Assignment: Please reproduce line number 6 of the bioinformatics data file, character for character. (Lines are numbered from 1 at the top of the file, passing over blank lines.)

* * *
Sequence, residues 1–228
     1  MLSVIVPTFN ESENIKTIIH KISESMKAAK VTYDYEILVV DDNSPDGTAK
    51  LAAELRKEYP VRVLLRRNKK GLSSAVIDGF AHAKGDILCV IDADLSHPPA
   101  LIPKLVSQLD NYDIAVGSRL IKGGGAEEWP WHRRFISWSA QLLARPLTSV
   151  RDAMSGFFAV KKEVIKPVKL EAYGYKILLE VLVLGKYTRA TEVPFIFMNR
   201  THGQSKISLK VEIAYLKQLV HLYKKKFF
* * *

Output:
   201  THGQSKISLK VEIAYLKQLV HLYKKKFF